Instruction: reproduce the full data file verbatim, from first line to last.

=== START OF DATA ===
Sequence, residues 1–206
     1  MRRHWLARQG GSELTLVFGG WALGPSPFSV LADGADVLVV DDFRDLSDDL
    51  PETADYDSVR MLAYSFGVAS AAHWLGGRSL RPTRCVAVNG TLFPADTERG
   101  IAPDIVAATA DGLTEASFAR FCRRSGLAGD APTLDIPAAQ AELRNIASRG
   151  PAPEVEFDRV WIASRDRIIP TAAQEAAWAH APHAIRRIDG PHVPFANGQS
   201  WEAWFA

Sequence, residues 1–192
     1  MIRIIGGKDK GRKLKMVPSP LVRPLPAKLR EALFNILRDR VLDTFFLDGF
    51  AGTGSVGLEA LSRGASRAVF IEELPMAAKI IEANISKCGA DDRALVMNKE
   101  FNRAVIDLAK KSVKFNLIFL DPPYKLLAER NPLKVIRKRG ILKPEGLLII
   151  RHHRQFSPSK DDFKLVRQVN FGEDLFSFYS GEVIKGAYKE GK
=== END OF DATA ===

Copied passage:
Sequence, residues 1–206
     1  MRRHWLARQG GSELTLVFGG WALGPSPFSV LADGADVLVV DDFRDLSDDL
    51  PETADYDSVR MLAYSFGVAS AAHWLGGRSL RPTRCVAVNG TLFPADTERG
   101  IAPDIVAATA DGLTEASFAR FCRRSGLAGD APTLDIPAAQ AELRNIASRG
   151  PAPEVEFDRV WIASRDRIIP TAAQEAAWAH APHAIRRIDG PHVPFANGQS
   201  WEAWFA

Sequence, residues 1–192
     1  MIRIIGGKDK GRKLKMVPSP LVRPLPAKLR EALFNILRDR VLDTFFLDGF
    51  AGTGSVGLEA LSRGASRAVF IEELPMAAKI IEANISKCGA DDRALVMNKE
   101  FNRAVIDLAK KSVKFNLIFL DPPYKLLAER NPLKVIRKRG ILKPEGLLII
   151  RHHRQFSPSK DDFKLVRQVN FGEDLFSFYS GEVIKGAYKE GK